Judge to rule on Nebraska Rep. Fortenberry’s trial location
OMAHA, Neb. (AP) — U.S. Rep. Jeff Fortenberry was waiting to learn Friday whether a judge will allow him to stand trial in the California district where he faces felony charges or his home state of Nebraska.
U.S. District Court Judge Stanley Blumenfeld said he planned to rule on the matter and other motions filed by federal prosecutors and Fortenberry’s lawyers on Friday. Another status conference hearing is scheduled for Thursday.
Fortenberry, a nine-term Republican, has pleaded not guilty to charges alleging he lied to federal authorities who were investigating an illegal 2016 campaign contribution from a foreign national at a Los Angeles fundraiser.
His attorneys have filed motions asking Blumenfeld to exclude evidence from the trial and transfer the case from California to Nebraska, citing Nebraska’s lighter caseload, a California jury pool that would likely skew Democratic and California pandemic restrictions that have temporarily halted jury trials until Feb. 22.
Prosecutors oppose the motions, arguing that Fortenberry is “venue shopping” by seeking a trial in his home state. Fortenberry had been scheduled to stand trial Feb. 15, but it’s going to be postponed because of California’s suspension of jury trials.
On Friday, Blumenfeld expressed extreme skepticism when one of Fortenberry’s attorneys, John Littrell, suggested that he should either rule favorably on motions that would undermine the prosecution’s case or agree to move the trial to Nebraska.
“If the court’s going to rule in our favor and dismiss the case, then it should go ahead and do that,” Littrell said. “If it’s not going to do that, then I think it can pass that on to a new judge.”
Blumenfeld said he was “rather surprised” to hear Littrell make that argument and questioned whether the attorney was being serious.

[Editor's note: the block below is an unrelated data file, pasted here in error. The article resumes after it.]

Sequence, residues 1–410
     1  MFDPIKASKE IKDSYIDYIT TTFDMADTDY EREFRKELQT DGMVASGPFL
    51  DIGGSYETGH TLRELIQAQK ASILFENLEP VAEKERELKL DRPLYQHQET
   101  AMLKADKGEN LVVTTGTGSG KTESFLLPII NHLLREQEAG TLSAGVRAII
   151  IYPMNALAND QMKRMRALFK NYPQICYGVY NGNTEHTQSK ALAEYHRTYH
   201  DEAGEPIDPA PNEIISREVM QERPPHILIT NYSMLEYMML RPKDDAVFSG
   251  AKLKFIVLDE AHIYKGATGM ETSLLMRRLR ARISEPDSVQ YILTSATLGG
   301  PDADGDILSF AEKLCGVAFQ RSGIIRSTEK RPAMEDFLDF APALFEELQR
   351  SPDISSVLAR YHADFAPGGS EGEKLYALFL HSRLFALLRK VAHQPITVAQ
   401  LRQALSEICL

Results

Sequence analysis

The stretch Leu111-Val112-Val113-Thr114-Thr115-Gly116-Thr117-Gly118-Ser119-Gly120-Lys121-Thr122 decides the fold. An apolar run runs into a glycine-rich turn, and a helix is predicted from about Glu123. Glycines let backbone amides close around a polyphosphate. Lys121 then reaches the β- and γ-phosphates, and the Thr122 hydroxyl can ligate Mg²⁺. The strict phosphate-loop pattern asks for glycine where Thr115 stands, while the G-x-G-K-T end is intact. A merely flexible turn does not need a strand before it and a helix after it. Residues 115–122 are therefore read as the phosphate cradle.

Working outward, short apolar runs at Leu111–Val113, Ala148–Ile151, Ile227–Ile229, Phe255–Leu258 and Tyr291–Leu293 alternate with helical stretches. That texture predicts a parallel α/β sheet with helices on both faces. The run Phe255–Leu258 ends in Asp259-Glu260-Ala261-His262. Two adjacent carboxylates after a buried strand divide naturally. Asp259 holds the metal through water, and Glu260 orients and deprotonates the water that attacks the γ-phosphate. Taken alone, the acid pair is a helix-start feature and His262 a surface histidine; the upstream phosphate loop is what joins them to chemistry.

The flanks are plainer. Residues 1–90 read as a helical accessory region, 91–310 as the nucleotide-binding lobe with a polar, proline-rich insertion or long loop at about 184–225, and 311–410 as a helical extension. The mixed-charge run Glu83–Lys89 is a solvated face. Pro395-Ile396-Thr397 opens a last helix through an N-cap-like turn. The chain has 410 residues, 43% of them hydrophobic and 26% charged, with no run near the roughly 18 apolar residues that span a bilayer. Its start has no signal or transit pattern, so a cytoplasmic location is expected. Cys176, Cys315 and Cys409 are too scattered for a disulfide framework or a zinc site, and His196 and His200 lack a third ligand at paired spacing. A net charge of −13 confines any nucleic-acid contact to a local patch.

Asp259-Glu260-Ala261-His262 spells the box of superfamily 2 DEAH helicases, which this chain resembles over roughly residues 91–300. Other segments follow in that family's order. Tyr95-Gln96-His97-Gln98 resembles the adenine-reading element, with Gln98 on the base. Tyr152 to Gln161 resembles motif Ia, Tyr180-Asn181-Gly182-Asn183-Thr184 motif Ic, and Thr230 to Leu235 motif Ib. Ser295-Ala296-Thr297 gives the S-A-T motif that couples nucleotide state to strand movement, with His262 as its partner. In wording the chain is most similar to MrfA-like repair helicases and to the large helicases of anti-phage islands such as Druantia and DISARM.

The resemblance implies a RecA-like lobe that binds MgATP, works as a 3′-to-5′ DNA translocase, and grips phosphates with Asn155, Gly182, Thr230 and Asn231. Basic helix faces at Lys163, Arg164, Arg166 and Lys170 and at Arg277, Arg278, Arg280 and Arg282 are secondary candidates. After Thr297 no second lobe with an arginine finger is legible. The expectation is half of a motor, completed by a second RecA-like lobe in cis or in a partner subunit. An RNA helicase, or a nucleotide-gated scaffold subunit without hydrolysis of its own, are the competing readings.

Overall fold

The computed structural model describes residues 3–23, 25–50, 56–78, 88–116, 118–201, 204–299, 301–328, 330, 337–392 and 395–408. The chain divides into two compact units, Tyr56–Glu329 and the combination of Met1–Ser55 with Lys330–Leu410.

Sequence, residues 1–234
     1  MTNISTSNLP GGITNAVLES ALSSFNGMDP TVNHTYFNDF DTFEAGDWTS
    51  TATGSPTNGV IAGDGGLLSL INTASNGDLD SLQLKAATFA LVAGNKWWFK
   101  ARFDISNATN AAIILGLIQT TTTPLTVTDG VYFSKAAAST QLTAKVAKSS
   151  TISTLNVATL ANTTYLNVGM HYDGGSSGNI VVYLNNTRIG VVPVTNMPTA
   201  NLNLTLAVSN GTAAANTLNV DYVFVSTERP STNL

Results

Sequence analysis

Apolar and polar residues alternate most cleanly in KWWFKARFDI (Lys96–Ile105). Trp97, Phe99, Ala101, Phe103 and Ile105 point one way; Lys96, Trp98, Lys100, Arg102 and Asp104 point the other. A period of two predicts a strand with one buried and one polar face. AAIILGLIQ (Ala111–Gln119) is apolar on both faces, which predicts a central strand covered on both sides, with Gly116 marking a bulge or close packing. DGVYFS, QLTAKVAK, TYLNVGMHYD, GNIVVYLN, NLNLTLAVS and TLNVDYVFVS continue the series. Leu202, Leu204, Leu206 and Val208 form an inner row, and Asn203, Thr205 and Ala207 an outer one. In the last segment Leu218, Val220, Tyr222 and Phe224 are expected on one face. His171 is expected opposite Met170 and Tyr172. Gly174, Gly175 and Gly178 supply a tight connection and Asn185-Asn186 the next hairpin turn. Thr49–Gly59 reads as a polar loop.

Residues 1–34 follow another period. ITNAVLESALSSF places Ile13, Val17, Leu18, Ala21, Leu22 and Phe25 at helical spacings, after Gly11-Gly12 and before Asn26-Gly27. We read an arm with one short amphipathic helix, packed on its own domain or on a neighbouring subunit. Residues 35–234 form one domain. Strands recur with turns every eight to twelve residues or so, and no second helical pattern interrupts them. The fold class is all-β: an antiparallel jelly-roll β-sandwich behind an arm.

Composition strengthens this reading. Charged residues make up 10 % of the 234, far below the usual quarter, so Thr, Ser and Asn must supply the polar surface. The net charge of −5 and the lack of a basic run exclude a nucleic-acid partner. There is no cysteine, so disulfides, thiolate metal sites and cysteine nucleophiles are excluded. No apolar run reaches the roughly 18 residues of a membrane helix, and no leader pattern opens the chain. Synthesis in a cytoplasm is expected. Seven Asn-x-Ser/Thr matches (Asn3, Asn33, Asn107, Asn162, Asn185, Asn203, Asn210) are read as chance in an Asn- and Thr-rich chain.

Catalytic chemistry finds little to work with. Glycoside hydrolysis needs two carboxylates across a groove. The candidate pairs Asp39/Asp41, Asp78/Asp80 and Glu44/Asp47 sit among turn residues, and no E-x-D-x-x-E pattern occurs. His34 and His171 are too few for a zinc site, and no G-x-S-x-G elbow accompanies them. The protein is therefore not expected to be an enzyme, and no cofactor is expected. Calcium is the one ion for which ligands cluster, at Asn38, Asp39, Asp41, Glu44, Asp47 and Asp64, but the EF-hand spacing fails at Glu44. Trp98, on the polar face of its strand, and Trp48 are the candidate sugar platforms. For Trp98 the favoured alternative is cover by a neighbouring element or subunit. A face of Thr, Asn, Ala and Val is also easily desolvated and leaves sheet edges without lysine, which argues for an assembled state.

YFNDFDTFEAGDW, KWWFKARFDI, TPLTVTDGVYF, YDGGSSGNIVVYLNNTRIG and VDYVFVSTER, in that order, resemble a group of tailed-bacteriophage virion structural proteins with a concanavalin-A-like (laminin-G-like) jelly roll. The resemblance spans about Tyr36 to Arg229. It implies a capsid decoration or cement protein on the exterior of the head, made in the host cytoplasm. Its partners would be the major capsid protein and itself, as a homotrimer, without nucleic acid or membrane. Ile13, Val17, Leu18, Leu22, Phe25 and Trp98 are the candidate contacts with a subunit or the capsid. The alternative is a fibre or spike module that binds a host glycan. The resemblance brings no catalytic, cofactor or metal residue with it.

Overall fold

“It seems so blatantly self-serving and unprincipled that it is a bit surprising,” Blumenfeld said.
Littrell disputed that characterization, saying his argument was based on “the principle of duty of loyalty to my client” and his obligation to vigorously defend him. Littrell has argued that authorities targeted Fortenberry because of his conservative politics and deceived him, a claim prosecutors deny.
Blumenfeld also chastised both Fortenberry’s lawyers and prosecutors for creating “a lot of noise” around the politically charged case, including allegations of political bias and the motives for charging Fortenberry. Blumenfeld said he wasn’t “going to be influenced by noise.”
“I have a job to do, and I try to do that job in a way that’s legally based and principled,” he said, advising the lawyers “not to simply advocate for an extreme position that you can probably guess is going to have a low probability of success.”
Fortenberry has said through his lawyers that he wants to stand trial as quickly as possible. He faces a serious GOP primary challenge from Nebraska state Sen. Mike Flood, a former speaker of the Nebraska Legislature who has been endorsed by Gov. Pete Ricketts and former Gov. Dave Heineman.
The primary is May 10. The primary winners will face state Sen. Patty Pansing Brooks, a Democrat, in the heavily Republican 1st Congressional District.
Fortenberry’s attorneys have also said they want a memory expert to testify about the congressman’s state of mind when he told federal authorities that he didn’t recall being warned about the illegal donation.
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